A two-year pilot project involving several Teesside primary schools has improved the speech, language and communication skills of nursery pupils (3 and 4-year-olds).
Ad Astra Academy Trust, which oversees eight primary schools in Hartlepool, Middlesbrough and Stockton-on-Tees, joined forces with SHINE – an education charity that works with schools and other organisations, to help children reach their true potential – to launch the £52,000 initiative in 2021.
Such has been the success of the scheme; Ad Astra Academy Trust bosses are set to continue the programme across its eight primary schools.
Pete Wiley, Ad Astra Academy Trust’s School Improvement Lead, said: “Among our schools, we observed that two-thirds of pupils enter reception with below-typical language and communication skills.
“The Covid-19 pandemic has undoubtedly exacerbated this problem, leading to a surge in referrals to speech and language services, which are already overwhelmed.”
The Trust developed a wide-ranging project, encompassing various strategies designed to enhance children’s communication and language abilities.
These included improving the quality of nursery environments, equipping staff with the necessary skills to foster high-quality interactions with children, and involving parents in the process.
Since the project began, schools across the Trust have witnessed significant improvements in how well children communicate.
For example, at West View Primary School in Hartlepool, 51.1% of children are classed as “ready for reception” this year when it comes to listening and attention – an improvement of 10 percentage points (40.8%) on the previous year.
Regarding speaking, 46.6% are deemed “ready for reception” – an improvement of 8 percentage points (38.6%) compared to last year.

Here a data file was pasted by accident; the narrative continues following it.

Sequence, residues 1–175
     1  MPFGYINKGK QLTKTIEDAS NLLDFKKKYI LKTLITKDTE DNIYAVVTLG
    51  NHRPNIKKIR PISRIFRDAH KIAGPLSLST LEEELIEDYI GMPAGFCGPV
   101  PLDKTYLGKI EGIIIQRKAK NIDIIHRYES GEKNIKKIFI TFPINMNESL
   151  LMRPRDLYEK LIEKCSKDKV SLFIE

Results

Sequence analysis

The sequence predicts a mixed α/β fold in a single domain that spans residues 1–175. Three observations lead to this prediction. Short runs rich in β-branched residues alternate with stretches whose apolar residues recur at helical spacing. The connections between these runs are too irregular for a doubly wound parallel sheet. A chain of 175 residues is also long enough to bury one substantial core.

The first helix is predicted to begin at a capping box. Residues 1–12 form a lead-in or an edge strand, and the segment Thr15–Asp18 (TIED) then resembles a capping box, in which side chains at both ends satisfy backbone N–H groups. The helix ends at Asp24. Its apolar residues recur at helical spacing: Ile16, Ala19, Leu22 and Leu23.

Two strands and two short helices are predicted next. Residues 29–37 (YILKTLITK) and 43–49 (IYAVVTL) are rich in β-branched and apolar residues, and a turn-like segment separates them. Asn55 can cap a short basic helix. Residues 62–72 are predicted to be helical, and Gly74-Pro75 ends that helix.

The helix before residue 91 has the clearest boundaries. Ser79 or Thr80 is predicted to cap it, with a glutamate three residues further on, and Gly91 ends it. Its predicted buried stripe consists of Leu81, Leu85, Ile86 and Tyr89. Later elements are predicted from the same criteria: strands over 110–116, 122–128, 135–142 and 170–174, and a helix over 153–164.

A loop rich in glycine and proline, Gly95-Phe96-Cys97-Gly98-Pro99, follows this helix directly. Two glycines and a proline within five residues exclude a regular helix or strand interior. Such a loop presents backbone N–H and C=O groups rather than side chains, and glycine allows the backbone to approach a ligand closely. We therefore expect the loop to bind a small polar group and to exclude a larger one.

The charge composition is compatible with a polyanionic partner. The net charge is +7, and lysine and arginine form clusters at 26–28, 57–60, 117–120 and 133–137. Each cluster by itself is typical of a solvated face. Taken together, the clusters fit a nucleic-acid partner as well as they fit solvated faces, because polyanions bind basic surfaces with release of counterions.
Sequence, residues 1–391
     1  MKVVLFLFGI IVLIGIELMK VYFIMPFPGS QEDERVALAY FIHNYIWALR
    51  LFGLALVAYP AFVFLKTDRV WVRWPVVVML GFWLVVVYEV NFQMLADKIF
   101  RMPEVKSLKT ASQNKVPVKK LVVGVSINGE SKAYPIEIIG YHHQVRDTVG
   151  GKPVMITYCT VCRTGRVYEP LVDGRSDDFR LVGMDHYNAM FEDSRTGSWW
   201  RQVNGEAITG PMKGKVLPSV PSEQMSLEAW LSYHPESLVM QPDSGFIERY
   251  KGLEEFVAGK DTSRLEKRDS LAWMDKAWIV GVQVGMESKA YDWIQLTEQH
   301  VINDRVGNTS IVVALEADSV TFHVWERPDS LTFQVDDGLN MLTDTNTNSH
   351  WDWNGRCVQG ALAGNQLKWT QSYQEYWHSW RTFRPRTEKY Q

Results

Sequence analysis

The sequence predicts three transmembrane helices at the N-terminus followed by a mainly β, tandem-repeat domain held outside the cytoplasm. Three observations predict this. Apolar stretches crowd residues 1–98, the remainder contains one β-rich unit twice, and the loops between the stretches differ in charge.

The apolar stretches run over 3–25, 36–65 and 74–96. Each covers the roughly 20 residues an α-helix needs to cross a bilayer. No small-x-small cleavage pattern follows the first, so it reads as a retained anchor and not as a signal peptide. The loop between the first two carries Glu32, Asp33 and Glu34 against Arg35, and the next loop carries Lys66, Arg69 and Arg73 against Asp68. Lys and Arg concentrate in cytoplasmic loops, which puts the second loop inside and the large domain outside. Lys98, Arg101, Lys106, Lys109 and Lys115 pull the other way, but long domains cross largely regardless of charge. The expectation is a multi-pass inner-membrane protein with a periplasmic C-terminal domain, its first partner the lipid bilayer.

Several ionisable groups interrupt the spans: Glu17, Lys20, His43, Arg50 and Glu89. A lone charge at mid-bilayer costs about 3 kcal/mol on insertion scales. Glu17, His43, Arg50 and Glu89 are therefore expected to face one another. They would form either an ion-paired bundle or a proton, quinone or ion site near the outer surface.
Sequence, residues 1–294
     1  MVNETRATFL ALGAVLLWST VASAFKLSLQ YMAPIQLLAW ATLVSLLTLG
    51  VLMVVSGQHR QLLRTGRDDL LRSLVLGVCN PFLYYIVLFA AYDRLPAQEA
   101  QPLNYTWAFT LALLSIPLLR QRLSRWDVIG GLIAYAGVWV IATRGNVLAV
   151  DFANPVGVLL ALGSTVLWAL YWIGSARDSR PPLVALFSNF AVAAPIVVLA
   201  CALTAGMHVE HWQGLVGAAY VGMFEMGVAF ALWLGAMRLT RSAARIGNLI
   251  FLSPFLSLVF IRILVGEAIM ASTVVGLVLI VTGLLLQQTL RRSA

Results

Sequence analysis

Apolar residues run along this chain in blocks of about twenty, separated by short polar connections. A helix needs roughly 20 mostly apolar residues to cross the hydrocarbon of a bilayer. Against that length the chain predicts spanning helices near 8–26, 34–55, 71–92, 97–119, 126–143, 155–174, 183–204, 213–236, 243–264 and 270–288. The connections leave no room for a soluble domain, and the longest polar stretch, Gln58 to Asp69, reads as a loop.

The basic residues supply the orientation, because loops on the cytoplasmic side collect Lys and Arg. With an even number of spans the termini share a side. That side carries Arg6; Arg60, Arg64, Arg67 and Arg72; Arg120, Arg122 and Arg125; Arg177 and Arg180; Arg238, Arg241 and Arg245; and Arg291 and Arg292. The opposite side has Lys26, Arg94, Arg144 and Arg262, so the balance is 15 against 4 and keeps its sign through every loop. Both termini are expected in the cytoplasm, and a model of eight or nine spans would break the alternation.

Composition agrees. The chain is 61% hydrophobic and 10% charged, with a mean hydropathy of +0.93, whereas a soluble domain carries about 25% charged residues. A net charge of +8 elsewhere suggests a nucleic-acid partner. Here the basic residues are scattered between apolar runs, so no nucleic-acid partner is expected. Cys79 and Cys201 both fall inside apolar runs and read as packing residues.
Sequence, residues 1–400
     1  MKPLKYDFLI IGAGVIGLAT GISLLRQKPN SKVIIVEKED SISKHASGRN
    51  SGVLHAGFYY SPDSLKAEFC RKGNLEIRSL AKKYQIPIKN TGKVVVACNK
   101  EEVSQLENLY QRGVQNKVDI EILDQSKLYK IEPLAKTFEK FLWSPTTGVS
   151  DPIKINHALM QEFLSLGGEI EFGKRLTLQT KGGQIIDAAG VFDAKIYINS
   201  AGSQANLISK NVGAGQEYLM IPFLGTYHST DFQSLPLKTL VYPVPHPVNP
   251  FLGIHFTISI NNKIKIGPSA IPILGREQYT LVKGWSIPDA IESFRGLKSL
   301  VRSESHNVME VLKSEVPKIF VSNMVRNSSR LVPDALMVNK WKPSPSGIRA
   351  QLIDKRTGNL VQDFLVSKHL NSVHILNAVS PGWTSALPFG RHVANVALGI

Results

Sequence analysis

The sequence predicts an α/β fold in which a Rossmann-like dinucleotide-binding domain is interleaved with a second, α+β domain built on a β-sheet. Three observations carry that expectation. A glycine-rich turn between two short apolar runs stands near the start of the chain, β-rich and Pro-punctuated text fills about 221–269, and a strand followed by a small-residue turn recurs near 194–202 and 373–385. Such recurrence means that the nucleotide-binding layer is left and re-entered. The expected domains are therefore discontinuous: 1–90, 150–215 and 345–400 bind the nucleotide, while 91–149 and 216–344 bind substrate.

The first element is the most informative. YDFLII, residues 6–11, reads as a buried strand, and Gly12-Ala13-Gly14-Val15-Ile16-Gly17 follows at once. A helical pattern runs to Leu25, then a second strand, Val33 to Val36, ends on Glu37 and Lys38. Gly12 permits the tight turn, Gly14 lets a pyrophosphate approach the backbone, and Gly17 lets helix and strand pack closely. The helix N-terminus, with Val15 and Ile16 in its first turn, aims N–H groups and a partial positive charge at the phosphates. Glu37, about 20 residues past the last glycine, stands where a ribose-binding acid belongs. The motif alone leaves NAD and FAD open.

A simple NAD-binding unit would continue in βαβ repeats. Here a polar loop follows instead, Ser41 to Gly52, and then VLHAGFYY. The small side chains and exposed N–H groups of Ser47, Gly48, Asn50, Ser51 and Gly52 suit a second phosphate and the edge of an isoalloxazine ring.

Laura Wears, SHINE Champion at West View Primary School in Hartlepool, commented, “There’s certainly a case to run this project indefinitely. Language-rich environments, with highly skilled staff, are the key to developing young people’s speech, language, and communication skills.
“These skills are fundamental building blocks within a child’s development, and it is imperative to embed this early in a child’s education.”
Meanwhile, at Brougham Primary School there have been several initiatives including:
Fiona Nicholson, Deputy Headteacher at Rosebrook Primary School in Stockton-on-Tees, said: “It is so important that our youngest children get off to the best possible start at school and the SHINE project has helped us to focus on the children who need additional support to bring their speech and language skills to the required level.
“It has enabled us to invest in a variety of resources to promote creativity and imagination. Staff have also taken part in training around developing questioning and vocabulary to ensure our school is a ‘word rich’ environment.
“It has been a really positive project with a marked improvement of communication skills amongst 3 and 4-year-olds which is vital to their future learning.”
Pete Wiley added: “The project has been a real success story. Staff knowledge and understanding of how to support communication and language has grown, pupils are generally making better progress and parental involvement has improved.”
Ad Astra Academy Trust was formed in 2015 and over the last seven years has grown across the Tees Valley, providing education for over 3,000 pupils and 500 employees in Hartlepool, Middlesbrough, Stockton-on-Tees.
The eight primary schools within Ad Astra Academy Trust are Barnard Grove, Brougham, West Park and West View in Hartlepool, Crooksbarn and Rosebrook in Stockton-on-Tees and Ayresome and Sunnyside in Middlesbrough.
Pupils and staff from West View and Brougham primary schools in Hartlepool
Issued by Alastair Rae on behalf of Ad Astra Academy Trust. For further information, contact Alastair on 0758 1239557.